Better than KNN: Approximate Nearest Neighbor (Introduction)


I assume you have heard of the k-Nearest Neighbor algorithm for classification problem (see Tutorial: K-Nearest Neighbor Model).

  • It’s one of the simplest classification algorithm
  • It does not require training time
  • It’s very slow at prediction time
  • It does not scale well for large training size because every prediction requires scanning the entire data set.

There are very advanced algorithms for searching for nearest neighbor such as Google’s ScaNN and Facebook’s Faiss.

These are approximate nearest neighbor (ANN) search algorithm because they speed up the search performance in time by sacrificing some margin of accuracy. The general approach is usually to building up an index to speed up the searching so that the system is never scanning the entire data set.

This article will go over an example of simple idea of implementing ANN search.

Hash tables

First idea you need to understand is hash tables. Hash tables are a kind of data structure where you can map a high dimension record (rich information) to a hash value.

For example, if you are familiar with the Iris Flow Dataset, then the input dimension is 4 because there are 4 features:

  • sepal length in cm
  • sepal width in cm
  • petal length in cm
  • petal width in cm

If we can have a function f(x1, x2, x3, x4) that returns a a single int32. Then this is consider a hash function.

Separating Hyperplanes

Next idea we need is the separating hyper-place. If the Iris Flow example, we can think of hyper-place in the 4-dimensional space that can separate the space into 2.

Each hyperplane can be represented by its normal (orthogonal) vector.

By taking the dot product of a vector with the normal vector and checking the signal, we can tell whether the vector falls on the positive or negative side of the hyperplane

  • dot_product(normal vector, positive vector) > 0. The blue vector falls on the positive side of the hyperplane
  • dot_product(normal vector, negative vector) < 0. The red vector falls on the positive side of the hyperplane
  • dot_product(normal vector, zero vector) = 0. The green vector falls on top of the hyperplane

The take away here is that checking which side of a hyper place that a vector falls on is quite straight forward by taking dot product.

Using hyperplanes as a hashing mechanism

Since each hyperplane can return a binary value that take a vector in 4-dimension. We can use multiple hyperplanes to encode multiple digits of an integer. So an int32 can represent 32 hyperplanes.

Further, we can use multiple sets of hyperplanes to represent multiple hash functions

Each region that is carved out by the separating hyperplane is a called a bucket under a given hash function.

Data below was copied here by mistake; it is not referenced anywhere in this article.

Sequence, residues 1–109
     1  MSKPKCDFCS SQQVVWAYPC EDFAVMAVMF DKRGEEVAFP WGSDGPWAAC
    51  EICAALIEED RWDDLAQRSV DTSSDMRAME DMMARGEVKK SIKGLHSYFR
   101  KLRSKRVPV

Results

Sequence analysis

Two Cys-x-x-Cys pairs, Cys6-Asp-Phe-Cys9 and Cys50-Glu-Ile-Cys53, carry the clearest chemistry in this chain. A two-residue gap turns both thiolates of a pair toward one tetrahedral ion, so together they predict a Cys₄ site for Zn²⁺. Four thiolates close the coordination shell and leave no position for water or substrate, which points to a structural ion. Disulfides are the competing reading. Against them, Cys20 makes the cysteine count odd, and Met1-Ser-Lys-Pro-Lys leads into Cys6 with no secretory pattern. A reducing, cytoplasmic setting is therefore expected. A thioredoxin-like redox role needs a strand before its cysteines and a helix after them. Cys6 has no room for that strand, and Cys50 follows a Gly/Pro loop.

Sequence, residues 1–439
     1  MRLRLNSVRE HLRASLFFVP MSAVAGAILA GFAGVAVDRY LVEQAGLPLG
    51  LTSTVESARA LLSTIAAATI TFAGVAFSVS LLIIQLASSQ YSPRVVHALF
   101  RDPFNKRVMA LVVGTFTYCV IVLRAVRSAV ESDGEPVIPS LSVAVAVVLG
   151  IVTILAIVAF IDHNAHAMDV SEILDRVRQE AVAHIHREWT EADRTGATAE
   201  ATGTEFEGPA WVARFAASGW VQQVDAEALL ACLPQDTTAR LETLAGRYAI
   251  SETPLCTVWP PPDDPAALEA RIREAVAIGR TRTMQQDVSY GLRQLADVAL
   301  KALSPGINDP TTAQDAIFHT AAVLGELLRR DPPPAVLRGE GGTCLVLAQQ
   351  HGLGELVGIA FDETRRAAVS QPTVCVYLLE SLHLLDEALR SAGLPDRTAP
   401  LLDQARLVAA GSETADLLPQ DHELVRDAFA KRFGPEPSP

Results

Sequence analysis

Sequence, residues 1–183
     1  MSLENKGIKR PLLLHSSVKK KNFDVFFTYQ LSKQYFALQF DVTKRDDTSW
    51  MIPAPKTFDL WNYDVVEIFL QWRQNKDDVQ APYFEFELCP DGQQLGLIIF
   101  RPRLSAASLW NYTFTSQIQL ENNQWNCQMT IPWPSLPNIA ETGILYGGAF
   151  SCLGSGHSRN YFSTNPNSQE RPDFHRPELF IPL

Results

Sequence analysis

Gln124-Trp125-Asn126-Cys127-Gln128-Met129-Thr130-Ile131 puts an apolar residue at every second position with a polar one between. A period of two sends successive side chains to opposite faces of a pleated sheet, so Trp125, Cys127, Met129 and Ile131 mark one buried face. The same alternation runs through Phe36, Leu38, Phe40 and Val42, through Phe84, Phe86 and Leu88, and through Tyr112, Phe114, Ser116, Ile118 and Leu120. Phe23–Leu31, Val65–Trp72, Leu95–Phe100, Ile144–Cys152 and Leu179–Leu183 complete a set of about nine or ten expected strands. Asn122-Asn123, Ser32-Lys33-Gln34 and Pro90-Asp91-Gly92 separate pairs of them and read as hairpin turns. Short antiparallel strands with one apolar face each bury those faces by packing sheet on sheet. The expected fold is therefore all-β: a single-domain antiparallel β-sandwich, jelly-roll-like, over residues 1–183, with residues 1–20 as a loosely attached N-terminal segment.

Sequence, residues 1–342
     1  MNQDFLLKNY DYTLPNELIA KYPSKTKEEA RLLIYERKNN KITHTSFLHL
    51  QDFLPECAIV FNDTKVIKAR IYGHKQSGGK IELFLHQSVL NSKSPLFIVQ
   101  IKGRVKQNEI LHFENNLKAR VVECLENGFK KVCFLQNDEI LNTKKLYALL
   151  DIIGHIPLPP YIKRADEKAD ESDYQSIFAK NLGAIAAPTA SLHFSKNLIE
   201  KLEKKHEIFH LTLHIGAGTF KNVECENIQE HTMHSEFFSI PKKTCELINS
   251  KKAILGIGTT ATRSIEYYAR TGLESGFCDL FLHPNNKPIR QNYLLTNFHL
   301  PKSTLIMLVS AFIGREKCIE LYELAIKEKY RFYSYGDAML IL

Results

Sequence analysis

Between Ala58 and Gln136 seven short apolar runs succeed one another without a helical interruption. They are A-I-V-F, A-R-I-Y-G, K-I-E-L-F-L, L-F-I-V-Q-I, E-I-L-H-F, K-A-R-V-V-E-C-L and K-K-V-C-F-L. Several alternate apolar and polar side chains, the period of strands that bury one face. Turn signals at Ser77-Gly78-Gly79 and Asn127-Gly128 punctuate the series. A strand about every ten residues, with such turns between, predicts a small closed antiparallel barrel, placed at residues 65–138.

Locality Sensitive Hashing (LSH)

Based on the hashing scheme above, points in the 4-dimensional input space that are close to each other are likely fall in the same buckets. It means the hashing scheme is locality sensitive. We can leverage this kind of hashing scheme to build an approximate nearest neighbor search index. Note that the separating hyperplane is just one type of locality sensitive hashing but there can be much more complicated ones for more sophisticated systems.

Approximate Nearest Neighbor Search

Combining all the ideas above, we can devise the algorithm by randomly generating a set of normal vector of these hyperplanes, and thus constructing a set of hash functions.

To search for the nearest neighbor from a point in the input high dimensional space, we can calculate the hash value for all the hash functions and check all the other points in the data set that share the same hash value.

Note that these other points that share the same hash value are already precomputed in some index (ie. like a python dictionary), so that you don’t iterate over all data set to find them.

Since the number of vectors that shares the same hash value is relatively small, this is a great speed up of the nearest neighbor search.

However, it’s not guaranteed to find the best neighbor because the hash functions are generally randomly and they are not perfect. But we should not be too far off when we use multiple hashing functions by randomization.


We showed the fundamental idea of how ANN speed the performance of nearest neighbor search. This has wide application when working with embedding space in ML and production ML systems to need to serve at real time.

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